News is just in from Microsoft that Internet Explorer on Windows Phone 8.1 Update will support legacy webkit-prefixed features.
Now, obviously I can’t speak for Microsoft or the IE team (Bill Gates despises me since I beat him in a nude limbo competition at Patrick Lauke’s birthday disco a few years back) but this brings a wry smile to my little face. It fell to me to write the blog post announcing that Opera was going to support some -webkit- prefixed CSS and be hated by the Internet for the 2.6 seconds it takes before someone more evil pops up.
Those in the know could guess this was coming. At a CSS Working Group meeting in February 2012 (search the minutes for “Vendor Prefixes”) this exchange took place:
tantek [Firefox]: At this point we’re trying to figure out which and how many webkit prefix properties to actually implement support for in Mozilla … Currently we have zero. Zero is no longer an option for us.
Florian [Opera], Sylvain [Microsoft]: Zero is not an option for us anymore either.
The reason that IE are doing it now, and we did it then, is simple. WebKit browsers, like other browsers, shipped experimental CSS with a prefix. When the CSS property was considered stable, all browsers apart from WebKit removed support for the prefixed version. WebKit browsers, however, did not remove the prefixed version, supporting it in parallel with the unprefixed syntax so that sites that had been made before the “standardising” of the property would not break.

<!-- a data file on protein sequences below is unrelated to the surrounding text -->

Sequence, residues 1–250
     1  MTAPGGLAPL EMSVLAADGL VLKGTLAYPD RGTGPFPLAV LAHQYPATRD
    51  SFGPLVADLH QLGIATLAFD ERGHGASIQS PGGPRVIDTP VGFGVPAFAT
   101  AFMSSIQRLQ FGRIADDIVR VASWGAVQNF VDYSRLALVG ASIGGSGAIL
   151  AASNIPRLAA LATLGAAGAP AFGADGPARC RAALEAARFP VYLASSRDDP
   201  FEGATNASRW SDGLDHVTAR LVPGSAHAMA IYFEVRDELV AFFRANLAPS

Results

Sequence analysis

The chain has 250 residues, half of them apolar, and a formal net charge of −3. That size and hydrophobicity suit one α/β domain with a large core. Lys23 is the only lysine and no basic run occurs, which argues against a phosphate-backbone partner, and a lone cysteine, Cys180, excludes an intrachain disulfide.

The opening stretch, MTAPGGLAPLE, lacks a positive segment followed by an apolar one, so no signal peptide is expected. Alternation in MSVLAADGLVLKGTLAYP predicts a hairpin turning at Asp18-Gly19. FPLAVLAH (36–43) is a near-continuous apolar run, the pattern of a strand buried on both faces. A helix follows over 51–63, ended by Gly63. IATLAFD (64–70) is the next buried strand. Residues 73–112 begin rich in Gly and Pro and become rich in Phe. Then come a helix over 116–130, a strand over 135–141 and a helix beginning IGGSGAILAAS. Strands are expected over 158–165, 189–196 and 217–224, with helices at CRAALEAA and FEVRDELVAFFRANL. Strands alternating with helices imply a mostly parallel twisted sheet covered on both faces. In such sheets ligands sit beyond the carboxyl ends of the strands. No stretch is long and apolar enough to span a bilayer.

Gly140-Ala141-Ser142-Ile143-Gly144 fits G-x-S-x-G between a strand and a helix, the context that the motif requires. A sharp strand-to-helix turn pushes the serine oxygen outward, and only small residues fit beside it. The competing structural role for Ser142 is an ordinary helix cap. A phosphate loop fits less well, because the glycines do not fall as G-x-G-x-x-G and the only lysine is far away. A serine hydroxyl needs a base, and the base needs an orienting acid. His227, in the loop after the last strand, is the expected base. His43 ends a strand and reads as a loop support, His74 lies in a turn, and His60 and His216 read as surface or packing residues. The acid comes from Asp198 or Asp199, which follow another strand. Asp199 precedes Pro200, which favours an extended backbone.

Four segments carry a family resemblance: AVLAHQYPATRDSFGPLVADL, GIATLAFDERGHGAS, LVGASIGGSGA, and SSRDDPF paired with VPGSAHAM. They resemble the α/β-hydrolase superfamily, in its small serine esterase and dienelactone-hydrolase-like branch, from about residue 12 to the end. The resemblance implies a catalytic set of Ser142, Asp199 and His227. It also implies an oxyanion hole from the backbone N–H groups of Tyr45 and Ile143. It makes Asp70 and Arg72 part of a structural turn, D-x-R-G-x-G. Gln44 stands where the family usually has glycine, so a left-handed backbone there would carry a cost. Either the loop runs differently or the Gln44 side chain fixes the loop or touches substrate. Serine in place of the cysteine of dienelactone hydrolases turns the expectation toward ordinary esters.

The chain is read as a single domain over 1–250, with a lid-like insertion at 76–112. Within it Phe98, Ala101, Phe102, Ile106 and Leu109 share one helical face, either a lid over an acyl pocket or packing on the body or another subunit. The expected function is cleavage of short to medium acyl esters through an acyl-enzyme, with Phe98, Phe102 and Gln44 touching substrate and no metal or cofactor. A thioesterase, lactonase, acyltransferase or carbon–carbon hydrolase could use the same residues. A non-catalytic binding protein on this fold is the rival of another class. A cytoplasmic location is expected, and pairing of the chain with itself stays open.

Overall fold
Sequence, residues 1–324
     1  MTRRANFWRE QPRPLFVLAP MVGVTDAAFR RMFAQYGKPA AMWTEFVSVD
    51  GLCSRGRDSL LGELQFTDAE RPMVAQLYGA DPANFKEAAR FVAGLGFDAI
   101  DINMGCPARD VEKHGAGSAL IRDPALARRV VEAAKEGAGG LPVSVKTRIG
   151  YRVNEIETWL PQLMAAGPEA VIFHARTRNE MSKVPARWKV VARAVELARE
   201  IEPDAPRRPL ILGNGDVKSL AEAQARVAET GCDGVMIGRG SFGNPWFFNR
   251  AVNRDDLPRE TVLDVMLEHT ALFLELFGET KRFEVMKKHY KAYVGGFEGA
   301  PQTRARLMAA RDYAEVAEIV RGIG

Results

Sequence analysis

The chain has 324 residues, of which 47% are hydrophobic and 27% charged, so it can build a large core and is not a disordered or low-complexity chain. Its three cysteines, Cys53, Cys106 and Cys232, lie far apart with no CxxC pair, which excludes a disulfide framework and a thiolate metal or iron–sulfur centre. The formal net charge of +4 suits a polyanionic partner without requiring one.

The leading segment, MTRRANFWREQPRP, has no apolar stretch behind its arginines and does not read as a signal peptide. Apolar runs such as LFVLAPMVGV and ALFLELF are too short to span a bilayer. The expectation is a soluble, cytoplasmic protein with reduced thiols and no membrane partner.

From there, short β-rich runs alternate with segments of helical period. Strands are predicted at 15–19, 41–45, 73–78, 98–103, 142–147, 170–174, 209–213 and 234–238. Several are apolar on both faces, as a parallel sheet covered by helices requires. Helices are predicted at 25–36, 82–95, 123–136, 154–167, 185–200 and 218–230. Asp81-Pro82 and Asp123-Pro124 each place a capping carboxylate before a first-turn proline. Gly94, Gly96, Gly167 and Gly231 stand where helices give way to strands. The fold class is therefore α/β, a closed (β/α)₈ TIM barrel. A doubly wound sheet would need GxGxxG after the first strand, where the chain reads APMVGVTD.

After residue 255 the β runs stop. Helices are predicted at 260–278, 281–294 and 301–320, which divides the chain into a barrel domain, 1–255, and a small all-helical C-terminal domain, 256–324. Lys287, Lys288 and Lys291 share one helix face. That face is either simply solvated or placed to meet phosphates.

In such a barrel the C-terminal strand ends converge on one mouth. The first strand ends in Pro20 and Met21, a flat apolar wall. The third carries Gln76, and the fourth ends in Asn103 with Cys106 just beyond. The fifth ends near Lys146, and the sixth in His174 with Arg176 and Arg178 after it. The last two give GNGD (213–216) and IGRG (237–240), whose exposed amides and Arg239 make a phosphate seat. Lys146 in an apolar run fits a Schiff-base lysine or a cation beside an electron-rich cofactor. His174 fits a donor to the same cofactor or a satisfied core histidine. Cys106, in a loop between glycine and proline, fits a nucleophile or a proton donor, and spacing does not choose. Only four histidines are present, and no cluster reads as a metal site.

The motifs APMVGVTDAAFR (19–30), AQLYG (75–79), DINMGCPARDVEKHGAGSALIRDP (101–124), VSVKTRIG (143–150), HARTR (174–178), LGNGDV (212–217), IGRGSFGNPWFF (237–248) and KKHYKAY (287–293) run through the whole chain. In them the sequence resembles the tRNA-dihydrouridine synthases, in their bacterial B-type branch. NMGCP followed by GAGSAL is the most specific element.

Moreover, lazy developers only tested on WebKit browsers, so didn’t even add the -ms- prefix for Microsoft, -moz- prefix for Firefox or -o- prefix for Opera, so those browsers got a markedly worse experience.
At Opera, we did what we could with a relatively small team to contact site owners and developers and ask them to change it, but there were simply too many to deal with. It was much more effective simply to “support” those -webkit- prefixes that were the analogue of things we already supported; for example, we simply aliased -webkit-border-radius to border-radius.
Magically, lots of iPhone-only sites looked a lot better in Opera. As you can see from the screenshot comparisons in the IE blogpost, the same happens for them. It’s difficult to argue for ideological purity when a simple aliasing makes the user experience so demonstrably better – and one thing I’ve learned at Opera is most users don’t care two hoots for ideology if their favourite site works better in another browser.
It’s tempting to blame the mess on lazy developers, and they are without doubt at fault for enjoying the advantages of the Web without respecting its core principle of cross-browser compatibility. But some of the blame lies with WebKit developers, and (to a lesser extent) with the CSS Working Group for blessing vendor prefixes (though of course, browser makers just did this sort of crap anyway: scrollbar-face-color lurked around for years in IE without a prefix).
I’m very glad that the Blink rendering engine (which Opera, my employer, now uses) has abandoned vendor prefixes (and Firefox appears to have done the same.)
But, as managers around the world like to say when laying staff off because of bad management decisions, “we are where we are”. Legacy -webkit- prefixes hide in the dim recesses of sites used every day, and users deserve good experiences.
So good luck to the IE team; I’d do the same, because I’ve done the same. But I stand by my poetic words of 1 September 2012:
Vendor prefixes are like skidmarks on the underwear of web standards: sometimes unavoidable, but best washed and rinsed out as soon as possible.